Workshops: Designing and Facilitating Experiential Learning

 

Jeff E. Brooks-Harris & Susan R. Stock-Ward (1999).

 

Thousand Oaks, CA: Sage Publications.

 


Available here on the internet:

Book Description
Table of Contents
Introduction
About the Authors

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Workshops: Designing and Facilitating

Experiential Learning

Jeff E. Brooks-Harris & Susan R. Stock-Ward (1999).

Book Description

Workshops: Designing and Facilitating Experiential Learning is designed to present a practical approach to workshop development, facilitation, and direction. Workshops will introduce novice facilitators as well as those with much experience to an integrated model of workshop design and development. Grounded in learning theory, this model will be used to demonstrate to readers how to design, facilitate, and direct workshops, as well as how to identify and improve upon existing skills. Practical, how-to sections will assist readers in creating specific experiential activities designed to facilitate different types of learning. Readers will also learn how to understand and attend to individual differences as well as take all workshop participants through a universal cycle of learning. Workshops: Designing and Facilitating Experiential Learning can be useful to anyone who facilitates workshops in higher education, adult education, business, health care, and/or other educational settings.

 

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Workshops: Designing and Facilitating

Experiential Learning

Jeff E. Brooks-Harris & Susan R. Stock-Ward (1999).

Table of Contents

Preface

Introduction

1. Toward an Integrated Model of Workshop Design and Facilitation

2. Using Learning Styles to Understand Participants and Guide Workshop Design

3. Preparing for Workshop Design: Gathering Information and Setting Goals

4. Creating a Comprehensive Workshop Design

5. Designing Effective Workshop Learning Activities

6. Directing the Workshop and Creating a Learning Environment

7. Facilitation Skills for Different Types of Learning

8. Workshop Evaluations: Strategies, Variables, and Plans

9. Improving Your Workshop Design, Directing, and Facilitation Skills

References

Index

About the Authors

 

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Workshops: Designing and Facilitating

Experiential Learning

Jeff E. Brooks-Harris & Susan R. Stock-Ward (1999).

Introduction

THREE LESSONS FROM THE WIZARD OF OZ

Reflect with us on a movie with which most of us are familiar--The Wizard of Oz (LeRoy and Fleming, 1939). We think it offers three lessons that have direct application to workshop design and facilitation. In one of the final scenes, Dorothy and her three friends return to the Wizard after defeating the Wicked Witch of the West and ask him to grant their wishes as he had promised. Dorothy wants to go home to Kansas; the Scarecrow wants a brain; the Tin Woodsman wants a heart; and the Cowardly Lion wants courage. Therein lies our first lesson: “Although they may all participate in a shared activity, individuals are likely to have different needs.” Workshop participants are likely to have different learning styles.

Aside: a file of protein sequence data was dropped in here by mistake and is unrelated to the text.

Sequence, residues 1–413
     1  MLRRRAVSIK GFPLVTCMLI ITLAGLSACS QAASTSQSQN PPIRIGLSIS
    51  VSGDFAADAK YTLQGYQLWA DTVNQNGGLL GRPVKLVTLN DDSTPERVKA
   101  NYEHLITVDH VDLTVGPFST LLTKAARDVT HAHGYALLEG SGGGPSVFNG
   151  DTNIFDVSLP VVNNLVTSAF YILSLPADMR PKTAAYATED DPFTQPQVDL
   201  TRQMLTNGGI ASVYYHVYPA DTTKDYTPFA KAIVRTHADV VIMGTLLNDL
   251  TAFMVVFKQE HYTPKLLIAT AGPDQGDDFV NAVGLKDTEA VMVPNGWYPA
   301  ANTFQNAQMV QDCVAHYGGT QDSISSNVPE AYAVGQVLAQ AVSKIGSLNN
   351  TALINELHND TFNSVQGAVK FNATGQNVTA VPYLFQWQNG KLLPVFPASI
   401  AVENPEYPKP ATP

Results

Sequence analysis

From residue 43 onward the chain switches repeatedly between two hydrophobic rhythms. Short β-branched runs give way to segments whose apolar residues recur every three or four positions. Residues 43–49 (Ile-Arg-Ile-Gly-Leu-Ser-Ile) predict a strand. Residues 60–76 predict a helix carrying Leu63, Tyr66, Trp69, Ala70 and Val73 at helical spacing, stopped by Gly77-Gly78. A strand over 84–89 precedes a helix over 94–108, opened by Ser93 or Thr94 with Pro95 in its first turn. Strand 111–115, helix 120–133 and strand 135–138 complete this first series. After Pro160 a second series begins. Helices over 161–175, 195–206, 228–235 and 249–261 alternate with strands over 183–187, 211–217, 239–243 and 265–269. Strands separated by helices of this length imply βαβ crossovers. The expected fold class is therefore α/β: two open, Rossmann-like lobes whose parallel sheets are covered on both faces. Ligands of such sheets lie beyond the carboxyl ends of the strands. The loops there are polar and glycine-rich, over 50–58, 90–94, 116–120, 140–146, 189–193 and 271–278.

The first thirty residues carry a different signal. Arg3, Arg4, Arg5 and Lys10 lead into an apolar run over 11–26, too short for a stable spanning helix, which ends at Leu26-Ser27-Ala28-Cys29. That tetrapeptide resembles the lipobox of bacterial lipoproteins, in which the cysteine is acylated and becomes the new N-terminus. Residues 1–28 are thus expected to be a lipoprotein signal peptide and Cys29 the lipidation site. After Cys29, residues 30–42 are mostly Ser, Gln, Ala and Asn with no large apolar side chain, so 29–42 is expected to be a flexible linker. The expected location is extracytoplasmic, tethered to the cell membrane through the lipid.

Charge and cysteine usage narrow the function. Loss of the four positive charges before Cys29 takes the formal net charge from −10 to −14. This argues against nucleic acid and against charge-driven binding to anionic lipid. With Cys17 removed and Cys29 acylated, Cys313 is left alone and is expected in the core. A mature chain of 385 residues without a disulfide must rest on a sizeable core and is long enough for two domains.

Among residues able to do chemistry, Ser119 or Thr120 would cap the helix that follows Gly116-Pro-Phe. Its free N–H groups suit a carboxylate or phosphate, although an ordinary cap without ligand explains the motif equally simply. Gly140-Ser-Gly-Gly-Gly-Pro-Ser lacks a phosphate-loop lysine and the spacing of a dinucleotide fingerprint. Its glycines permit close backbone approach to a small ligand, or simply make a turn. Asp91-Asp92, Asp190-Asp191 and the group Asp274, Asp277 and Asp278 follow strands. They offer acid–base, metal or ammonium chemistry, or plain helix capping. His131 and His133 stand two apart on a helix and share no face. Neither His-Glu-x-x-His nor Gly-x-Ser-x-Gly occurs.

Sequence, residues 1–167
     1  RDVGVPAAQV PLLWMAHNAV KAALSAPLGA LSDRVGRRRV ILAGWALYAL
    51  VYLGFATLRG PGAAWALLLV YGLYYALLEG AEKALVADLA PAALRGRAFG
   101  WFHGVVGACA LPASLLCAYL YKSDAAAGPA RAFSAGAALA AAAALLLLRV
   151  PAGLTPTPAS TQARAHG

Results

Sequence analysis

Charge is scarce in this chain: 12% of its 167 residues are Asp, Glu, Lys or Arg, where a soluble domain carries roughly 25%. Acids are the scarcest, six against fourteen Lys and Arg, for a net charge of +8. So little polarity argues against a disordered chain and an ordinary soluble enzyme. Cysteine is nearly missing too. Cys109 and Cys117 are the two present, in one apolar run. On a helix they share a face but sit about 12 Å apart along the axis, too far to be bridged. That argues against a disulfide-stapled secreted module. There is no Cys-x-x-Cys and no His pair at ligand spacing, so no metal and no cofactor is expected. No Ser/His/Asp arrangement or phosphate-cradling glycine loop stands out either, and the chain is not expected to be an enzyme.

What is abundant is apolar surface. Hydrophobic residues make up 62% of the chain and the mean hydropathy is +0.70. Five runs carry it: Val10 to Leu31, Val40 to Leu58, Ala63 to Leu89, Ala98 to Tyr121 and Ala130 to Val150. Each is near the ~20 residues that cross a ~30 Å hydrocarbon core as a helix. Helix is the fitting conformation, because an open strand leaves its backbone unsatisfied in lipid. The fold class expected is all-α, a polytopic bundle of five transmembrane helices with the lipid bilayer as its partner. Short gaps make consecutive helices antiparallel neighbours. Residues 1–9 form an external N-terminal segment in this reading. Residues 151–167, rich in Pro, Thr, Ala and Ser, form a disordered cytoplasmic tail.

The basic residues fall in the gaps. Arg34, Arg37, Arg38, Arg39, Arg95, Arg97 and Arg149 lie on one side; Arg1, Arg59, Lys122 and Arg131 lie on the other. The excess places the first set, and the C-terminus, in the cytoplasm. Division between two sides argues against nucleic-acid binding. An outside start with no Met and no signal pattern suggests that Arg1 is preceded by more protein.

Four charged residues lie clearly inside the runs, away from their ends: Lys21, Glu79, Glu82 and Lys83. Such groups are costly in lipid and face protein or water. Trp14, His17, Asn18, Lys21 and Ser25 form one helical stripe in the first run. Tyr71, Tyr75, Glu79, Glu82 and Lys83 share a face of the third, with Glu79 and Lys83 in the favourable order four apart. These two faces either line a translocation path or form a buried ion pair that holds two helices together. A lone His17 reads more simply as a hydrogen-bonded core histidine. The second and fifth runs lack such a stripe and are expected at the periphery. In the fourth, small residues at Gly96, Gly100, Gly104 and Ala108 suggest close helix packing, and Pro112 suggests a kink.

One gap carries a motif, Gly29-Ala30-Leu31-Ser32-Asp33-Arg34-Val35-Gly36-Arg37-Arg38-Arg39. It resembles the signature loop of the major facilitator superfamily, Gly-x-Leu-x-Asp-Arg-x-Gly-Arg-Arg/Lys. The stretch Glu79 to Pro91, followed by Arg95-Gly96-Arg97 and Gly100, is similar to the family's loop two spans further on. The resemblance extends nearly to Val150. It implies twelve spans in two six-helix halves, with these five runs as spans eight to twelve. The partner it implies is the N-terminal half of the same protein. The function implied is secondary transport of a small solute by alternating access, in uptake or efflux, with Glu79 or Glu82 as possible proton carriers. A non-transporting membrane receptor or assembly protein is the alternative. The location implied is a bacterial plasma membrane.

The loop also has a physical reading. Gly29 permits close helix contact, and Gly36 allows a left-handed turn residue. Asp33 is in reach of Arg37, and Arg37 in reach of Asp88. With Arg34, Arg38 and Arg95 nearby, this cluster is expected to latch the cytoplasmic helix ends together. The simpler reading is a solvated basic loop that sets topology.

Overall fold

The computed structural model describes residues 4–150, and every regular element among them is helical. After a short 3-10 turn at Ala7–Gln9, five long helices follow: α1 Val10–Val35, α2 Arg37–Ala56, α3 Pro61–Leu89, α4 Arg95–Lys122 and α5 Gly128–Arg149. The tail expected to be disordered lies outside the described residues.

Dorothy and her friends soon discover that the Wizard, rather than being all-powerful, is a mere mortal with a great multimedia projection system. Luckily, he's also a great improviser. Reaching into his carpetbag, he presents each of the characters with symbols of their learning that represent the fulfillment of their wishes. The Tin Woodsman is given a pocket watch to honor his compassion. The Scarecrow receives a diploma to recognize his intelligence. The Wizard awards the Cowardly Lion with a medal of courage. He even offers to take Dorothy back to Kansas in a balloon. Here's our second lesson: “If you are not an all-powerful wizard, it helps to have a bag of useful items to help you out in a bind.” When applied to workshop planning, this lessons suggests that it is important to offer individually-designed rewards to meet the needs of different individuals. In a workshop environment, these rewards come in the form of appropriate learning experiences that stimulate different types of learners.

Interestingly, the Wizard did not actually grant the wishes of Dorothy and her friends, yet all were able to gain what they needed. How did they attain these aspirations? Through experience! The Tin Woodsman found his heart by being in a situation that required compassion. By responding with quick thinking, the Scarecrow recognized his brain. Protecting his friends from danger allowed the Cowardly Lion to find his courage. Dorothy eventually realized that she had the power to go home all along. Our third lesson from “The Wizard of Oz” is this: “Individuals learn best through experience.” If we can create an active and experiential learning environment, then it is possible to encourage workshop learners to recognize their own compassion, intelligence, and courage, and to take this learning home with them!

PURPOSE OF THIS BOOK

This book presents a model of workshop design and facilitation based on how different people think and learn. The model is organized around a theory that describes both experiential learning and individual learning styles. This model will help you understand workshop participants, design a comprehensive workshop, and use effective facilitation skills. We describe a systematic approach to workshop design and provide dozens of examples of activities that can be applied to virtually any topic. This model will give you tools that will allow you to recognize your strengths as a workshop presenter and to address areas of relative weakness. We believe that we are providing you with an integrated and practical approach to workshop development that you will find engaging, informative, and beneficial.

THEORY INTO PRACTICE